CONSENT: A responsibility shared by all

  • Published
  • By Donna Casey
  • Goodfellow Sexual Assault Response Coordinator
What is consent and who has it? These are the most frequently asked questions among our Airmen, and they seem to cause the greatest confusion and uncertainty.

The heartening part is young men and women alike want to make sure they have consent before engaging in sexual activity; unfortunately they don't always seem to understand what consent is, what it isn't, and how they are supposed to obtain consent.

Consent is an active process and a responsibility shared by both partners. Consent is giving permission, approval or agreement to a course of action. When applied to sexual contact, it means that at the time of the act, there are actual words or physical conduct indicating freely given agreement.

Consent is also an ongoing process, regardless of who initiates, and cannot be implied or assumed. Just because someone consents to kissing, heavy petting, going into a room or lying on a bed, it doesn't mean there's consent for anything further. And if there were intercourse previously, it doesn't mean there's consent to have sex again. Consent must be obtained for every sexual act, each time it occurs, regardless of the relationship status.

Remember, if a person is incapacitated, unconscious or sleeping, they cannot give consent. People should ask themselves: "Would this person have sex with me if he was sober?" If the answer is 'yes,' then wait until he is sober before initiating sex. On the flip side, if the answer is 'no,' find someone else who is sober and willing to have sex.

Now that we've defined consent, how does someone know when their partner has given consent for sex?

The best way to obtain consent is to ask the other person if he is sure he wants to. By asking, body language and other non-verbal communication won't be misinterpreted. Most people will not say no to sex simply because they're asked, and if they do, they really didn't want to have sex anyway. Actions should be placed on hold if partners can't talk about sex, their desires and limits with one another until they are ready to talk about it.

Regrettably though, most people are often too embarrassed or uncomfortable to talk about sex with their partner to ask. Many times this leads to a lack of clear and open communication about sex. Airmen have told me they don't want to ask for consent because they're afraid it will 'ruin the mood,' but I have yet to meet a woman who feels it's a turn-off for a man to ask her permission. Most women feel if a man cares enough to ask and respects their answer, then he is an amazing man, and they may want to get to know him better.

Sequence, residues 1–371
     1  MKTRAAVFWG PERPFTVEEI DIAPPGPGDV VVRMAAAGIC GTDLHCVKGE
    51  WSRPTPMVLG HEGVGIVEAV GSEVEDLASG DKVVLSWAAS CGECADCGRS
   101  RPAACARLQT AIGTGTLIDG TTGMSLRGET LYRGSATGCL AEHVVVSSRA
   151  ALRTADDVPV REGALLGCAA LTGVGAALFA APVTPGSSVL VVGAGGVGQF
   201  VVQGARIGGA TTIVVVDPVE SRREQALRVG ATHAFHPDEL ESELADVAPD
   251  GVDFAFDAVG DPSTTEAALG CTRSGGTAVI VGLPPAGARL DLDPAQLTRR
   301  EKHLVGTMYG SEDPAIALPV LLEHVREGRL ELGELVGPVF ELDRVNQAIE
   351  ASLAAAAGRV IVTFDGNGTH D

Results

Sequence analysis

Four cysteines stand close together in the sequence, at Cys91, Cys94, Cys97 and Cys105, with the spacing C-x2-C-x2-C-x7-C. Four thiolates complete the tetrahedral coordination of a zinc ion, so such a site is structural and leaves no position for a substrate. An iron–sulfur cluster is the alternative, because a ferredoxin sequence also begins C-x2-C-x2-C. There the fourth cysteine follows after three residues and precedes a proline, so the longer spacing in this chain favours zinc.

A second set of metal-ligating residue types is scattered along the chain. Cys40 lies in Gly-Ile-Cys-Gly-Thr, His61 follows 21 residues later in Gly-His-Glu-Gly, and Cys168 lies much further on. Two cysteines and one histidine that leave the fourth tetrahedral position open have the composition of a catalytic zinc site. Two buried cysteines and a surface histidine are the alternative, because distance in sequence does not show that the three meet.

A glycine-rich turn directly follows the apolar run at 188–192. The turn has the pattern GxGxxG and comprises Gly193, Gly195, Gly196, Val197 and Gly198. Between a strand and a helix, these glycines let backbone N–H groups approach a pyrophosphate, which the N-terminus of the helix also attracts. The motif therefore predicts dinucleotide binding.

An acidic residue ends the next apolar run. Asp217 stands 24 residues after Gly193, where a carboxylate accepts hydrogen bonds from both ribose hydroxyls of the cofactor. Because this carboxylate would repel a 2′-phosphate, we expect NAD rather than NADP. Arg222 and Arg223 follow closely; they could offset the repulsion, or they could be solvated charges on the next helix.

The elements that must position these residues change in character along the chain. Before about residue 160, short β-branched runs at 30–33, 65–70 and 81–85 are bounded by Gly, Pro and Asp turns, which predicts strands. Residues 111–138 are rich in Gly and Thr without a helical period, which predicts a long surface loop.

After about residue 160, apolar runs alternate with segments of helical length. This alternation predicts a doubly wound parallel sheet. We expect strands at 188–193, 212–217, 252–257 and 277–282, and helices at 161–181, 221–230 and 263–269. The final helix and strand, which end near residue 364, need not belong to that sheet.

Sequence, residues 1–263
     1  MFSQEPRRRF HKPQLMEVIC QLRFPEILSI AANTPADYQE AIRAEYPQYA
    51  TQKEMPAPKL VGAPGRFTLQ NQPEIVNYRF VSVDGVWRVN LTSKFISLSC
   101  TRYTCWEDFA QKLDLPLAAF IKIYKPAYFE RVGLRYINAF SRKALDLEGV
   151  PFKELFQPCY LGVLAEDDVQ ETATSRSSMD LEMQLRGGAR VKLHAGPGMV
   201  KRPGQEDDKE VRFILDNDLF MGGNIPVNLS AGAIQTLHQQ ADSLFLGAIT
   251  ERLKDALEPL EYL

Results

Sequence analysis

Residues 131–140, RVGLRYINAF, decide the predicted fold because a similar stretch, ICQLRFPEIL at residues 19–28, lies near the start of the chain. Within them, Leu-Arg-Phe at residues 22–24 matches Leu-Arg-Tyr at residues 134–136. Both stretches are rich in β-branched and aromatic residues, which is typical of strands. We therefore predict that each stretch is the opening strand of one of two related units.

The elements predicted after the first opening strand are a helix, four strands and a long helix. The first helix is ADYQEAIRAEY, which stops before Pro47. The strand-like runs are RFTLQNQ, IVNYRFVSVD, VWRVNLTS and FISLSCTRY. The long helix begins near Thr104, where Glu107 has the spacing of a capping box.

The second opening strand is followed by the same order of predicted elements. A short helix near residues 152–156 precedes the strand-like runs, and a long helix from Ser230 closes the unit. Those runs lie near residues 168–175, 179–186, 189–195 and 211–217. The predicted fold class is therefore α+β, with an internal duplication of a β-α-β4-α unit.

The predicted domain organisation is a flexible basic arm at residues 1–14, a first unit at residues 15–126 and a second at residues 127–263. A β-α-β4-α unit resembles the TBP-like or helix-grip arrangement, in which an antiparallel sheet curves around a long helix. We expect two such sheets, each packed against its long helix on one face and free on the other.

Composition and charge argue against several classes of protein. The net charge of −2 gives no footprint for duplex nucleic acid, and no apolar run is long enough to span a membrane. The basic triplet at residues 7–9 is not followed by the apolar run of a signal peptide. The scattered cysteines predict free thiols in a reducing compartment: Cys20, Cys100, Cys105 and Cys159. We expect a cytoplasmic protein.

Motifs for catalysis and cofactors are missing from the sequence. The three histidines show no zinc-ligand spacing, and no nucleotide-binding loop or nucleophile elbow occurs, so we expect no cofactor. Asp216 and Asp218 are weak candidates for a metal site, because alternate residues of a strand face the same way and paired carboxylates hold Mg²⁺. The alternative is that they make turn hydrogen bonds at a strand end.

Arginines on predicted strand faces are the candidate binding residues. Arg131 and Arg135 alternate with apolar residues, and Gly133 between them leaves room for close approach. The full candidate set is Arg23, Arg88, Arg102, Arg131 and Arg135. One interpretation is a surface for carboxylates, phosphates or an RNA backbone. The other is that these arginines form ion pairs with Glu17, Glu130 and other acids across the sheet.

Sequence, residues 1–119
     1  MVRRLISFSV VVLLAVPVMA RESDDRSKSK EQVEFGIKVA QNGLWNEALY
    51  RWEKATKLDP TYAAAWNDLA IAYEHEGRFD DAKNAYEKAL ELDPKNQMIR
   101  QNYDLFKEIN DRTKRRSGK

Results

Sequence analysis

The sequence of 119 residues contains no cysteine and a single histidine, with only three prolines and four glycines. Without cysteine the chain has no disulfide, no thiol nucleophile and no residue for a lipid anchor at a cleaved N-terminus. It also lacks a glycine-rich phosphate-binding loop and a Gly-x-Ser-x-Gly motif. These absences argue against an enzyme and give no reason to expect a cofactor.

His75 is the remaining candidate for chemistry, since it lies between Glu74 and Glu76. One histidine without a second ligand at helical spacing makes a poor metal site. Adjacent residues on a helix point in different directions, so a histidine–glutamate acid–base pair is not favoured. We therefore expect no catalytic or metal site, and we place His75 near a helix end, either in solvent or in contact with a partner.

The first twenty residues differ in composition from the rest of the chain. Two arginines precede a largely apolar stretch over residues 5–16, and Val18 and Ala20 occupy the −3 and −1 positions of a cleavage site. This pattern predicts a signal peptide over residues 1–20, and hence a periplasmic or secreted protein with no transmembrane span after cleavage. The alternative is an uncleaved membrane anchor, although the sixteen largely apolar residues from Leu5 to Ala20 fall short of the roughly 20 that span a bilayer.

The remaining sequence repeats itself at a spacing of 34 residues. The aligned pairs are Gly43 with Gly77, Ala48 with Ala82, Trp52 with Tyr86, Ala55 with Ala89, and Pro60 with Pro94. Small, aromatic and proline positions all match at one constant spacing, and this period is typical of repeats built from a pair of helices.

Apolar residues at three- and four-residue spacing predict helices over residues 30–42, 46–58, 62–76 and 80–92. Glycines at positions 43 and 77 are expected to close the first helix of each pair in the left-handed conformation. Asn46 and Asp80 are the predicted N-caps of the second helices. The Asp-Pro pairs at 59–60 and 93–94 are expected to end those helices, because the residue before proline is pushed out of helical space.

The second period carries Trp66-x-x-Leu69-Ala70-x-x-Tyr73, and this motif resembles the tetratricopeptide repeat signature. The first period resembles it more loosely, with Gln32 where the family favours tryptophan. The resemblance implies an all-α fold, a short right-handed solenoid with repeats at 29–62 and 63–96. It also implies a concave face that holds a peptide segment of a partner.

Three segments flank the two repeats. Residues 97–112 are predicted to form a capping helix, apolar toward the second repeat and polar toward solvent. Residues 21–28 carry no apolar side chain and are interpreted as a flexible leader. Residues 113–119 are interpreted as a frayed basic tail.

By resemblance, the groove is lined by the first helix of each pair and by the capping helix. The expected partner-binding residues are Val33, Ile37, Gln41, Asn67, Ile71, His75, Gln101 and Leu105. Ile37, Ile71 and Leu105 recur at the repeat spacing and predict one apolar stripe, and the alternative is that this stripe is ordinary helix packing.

I believe the real reason many people don't ask is because they're afraid the answer will be no. But, when it comes to consent and sexual assault, that's exactly why the question must be asked. Remember, the lack of a "no" is not a "yes."

Now, let's talk about how not to obtain consent: coercion, and convincing or charm.

Coercion may be when a "no" is given, but then ignored. The person continues to ask and ask until defenses crumble and a "yes" is given. The yes may be done verbally or by ceasing to resist because they just want to "get it over with" or they want to be left alone.

Convincing or charm may include things like giving a massage, or kissing while pushing boundaries in hopes the potential partner doesn't notice their wandering hands or clothing being undone.

Sexual assault is about power and control. Even though someone may not intend to exert that power, the effect on the victim is the same. Every sexual assault can be prevented by getting consent every time. Communicate with your partner to ensure you have continuous clear consent.

For more information about consent or sexual assault prevention call the Goodfellow SARC office at (325) 654-1572. For immediate SARC assistance, call the 24/7 hotline at (325) 654-1570.